and which help to explain glances like this in the film:
According to Krutnik, the film was regarded as setting a new standard for screen brutality and Life magazine deemed it a ‘picture of almost unrelieved violence and gloom’ and by the ending scene, ‘the screen is drenched with blood and littered with corpses’. Standards for violence have now been raised, or lowered, depending on your point of view. A liberal denunciation of prison conditions, a great vehicle for Burt Lancaster, a huge hit in its day. But at best a mixed bag now, at least for this viewer, and contradictorily, one that nonetheless holds up to repeated viewings.
Burt Lancaster’s Second Film:
Kate Buford write of how the role of Joe Collins in Brute Force was crafted to showcase Burt Lancaster. ‘Variety raved that the producer’s “gamble as a potential star in The Killers is paying off in spades with Brute Force ‘(loc 1412). As you can see below, Lancaster moved beautifully, Billy Daniels, MGM’s great cameraman, famous for lighting Garbo, was tempted back to work and here lights Lancaster to be both beautiful, strong, and his imprisonment branded by the shadows of bars throughout the film.
According to Kate Buford, the scene that made Lancaster’s reputation is the one below:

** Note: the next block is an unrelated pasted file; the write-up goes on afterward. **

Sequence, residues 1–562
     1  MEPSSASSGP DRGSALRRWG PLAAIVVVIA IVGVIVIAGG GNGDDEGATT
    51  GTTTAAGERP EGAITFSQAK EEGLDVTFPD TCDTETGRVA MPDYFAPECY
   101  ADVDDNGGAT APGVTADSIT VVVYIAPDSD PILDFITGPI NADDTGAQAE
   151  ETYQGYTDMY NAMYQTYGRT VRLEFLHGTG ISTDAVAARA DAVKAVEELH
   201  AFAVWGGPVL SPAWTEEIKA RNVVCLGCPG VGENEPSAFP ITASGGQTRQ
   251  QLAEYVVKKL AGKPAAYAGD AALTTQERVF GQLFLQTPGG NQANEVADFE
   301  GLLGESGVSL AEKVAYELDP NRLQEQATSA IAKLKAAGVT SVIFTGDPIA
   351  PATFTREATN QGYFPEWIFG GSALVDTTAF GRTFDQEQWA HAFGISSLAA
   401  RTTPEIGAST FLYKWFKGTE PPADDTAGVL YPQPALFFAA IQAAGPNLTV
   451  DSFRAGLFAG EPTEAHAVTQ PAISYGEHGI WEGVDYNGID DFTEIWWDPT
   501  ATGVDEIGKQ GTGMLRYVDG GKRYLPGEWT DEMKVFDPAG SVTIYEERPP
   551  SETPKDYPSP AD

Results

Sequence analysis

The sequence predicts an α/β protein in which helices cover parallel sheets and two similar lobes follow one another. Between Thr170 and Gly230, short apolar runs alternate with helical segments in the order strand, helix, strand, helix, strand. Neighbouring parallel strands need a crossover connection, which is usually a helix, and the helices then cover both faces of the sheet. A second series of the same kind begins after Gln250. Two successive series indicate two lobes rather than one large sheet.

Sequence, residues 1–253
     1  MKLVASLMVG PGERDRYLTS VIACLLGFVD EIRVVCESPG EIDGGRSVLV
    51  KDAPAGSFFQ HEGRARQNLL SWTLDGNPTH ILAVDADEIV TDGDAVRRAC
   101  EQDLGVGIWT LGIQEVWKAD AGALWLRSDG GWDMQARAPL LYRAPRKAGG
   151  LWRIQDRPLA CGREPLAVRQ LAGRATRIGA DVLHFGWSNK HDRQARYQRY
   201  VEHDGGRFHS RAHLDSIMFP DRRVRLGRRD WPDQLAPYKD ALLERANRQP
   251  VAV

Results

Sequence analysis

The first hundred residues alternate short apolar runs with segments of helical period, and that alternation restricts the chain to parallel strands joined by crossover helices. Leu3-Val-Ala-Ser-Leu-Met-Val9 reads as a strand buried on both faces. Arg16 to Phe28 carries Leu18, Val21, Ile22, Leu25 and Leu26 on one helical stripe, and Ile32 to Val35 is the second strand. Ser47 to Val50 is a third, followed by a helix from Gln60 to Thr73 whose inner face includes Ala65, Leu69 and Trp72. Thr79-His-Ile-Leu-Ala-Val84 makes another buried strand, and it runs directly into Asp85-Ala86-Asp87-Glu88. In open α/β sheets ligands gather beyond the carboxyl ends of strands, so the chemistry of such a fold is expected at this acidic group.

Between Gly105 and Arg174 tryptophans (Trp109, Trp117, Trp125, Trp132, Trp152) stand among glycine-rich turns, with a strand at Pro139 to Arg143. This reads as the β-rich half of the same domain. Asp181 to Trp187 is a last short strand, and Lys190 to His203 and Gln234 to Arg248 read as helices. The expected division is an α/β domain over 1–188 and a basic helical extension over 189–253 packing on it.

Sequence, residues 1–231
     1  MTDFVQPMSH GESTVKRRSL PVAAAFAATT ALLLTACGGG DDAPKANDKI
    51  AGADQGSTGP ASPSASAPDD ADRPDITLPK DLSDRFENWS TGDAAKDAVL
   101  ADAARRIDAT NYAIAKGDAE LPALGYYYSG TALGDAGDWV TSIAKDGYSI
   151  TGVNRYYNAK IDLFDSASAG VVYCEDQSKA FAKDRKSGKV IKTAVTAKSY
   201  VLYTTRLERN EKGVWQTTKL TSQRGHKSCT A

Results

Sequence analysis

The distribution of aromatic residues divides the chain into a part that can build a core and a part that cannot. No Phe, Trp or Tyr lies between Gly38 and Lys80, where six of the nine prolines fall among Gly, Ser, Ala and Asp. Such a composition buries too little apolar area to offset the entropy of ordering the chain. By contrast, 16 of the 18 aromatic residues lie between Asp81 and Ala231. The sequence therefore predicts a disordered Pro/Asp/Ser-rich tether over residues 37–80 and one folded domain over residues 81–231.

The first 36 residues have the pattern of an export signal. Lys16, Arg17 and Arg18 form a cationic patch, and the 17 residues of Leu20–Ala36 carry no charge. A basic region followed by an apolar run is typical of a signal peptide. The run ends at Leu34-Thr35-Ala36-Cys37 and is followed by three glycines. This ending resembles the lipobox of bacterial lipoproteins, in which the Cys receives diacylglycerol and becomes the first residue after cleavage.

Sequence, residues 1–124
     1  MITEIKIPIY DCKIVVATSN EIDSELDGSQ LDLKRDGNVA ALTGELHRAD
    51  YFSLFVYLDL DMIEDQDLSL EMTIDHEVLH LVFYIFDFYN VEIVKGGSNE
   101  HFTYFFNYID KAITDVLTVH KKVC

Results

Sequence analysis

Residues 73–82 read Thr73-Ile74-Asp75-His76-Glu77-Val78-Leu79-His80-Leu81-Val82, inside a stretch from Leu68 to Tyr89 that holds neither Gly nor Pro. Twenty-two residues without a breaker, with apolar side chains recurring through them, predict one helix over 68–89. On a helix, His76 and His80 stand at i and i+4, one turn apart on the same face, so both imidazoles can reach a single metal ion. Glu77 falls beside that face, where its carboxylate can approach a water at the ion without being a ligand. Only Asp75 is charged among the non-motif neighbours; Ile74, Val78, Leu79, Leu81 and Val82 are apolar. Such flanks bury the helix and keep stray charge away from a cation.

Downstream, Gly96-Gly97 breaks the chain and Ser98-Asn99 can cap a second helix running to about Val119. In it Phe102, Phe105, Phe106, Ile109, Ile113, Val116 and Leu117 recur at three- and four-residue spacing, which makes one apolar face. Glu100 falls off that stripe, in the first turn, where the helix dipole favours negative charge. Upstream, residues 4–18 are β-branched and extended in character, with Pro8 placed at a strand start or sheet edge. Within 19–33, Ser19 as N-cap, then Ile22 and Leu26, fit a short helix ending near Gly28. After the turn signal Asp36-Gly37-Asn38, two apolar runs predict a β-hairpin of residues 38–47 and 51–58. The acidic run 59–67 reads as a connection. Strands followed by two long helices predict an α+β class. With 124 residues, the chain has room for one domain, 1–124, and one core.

As she writes, ‘Collins is the prototype of all his tough guy roles to come: strong, utterly focused, body bent, yearning, pushing through space towards the goal. The big powerful man trying to break free is an image beyond words….yet as a post-war parable, the movie is deeply sad. The Nazi-type Munsey is vanquished only to have the heroes who killed him either dead or still in prison’ (loc 1401).
The Arrow Academy edition is lovely to look at with a really interesting film in which Burt Lancaster biographer Kate Buford talks intriguingly of this noir period of Lancaster’s career. I have posted her explication of the great scene where Collins through Munsey into the prison yard and why and how that set the basis of his persona above.
Robert Siodmak’s Phantom Lady fits most of the characteristics they all describe but doesn’t make Rosenbaum’s list. It seems a key noir but one that doesn’t feature as much in the discussions of the mode as one might expect. In the introductory essay entitled ‘The Making of Phantom Lady: Film Noir in the Starting Blocks’ that accompanies the Arrow Academy edition of the film, Alex K. Rode contextualises it alongside Double Indemnity and Laura and credits it with jumpstarting the career of Joan Harrison as producer, Cornel Woolrich and Siodmak himself and writes that ‘the picture became a stylistic trendsetter for the emerging film noir movement’.Though a popular success in its day, Phantom Lady is a noir treasured primarily by connoisseurs of the genre.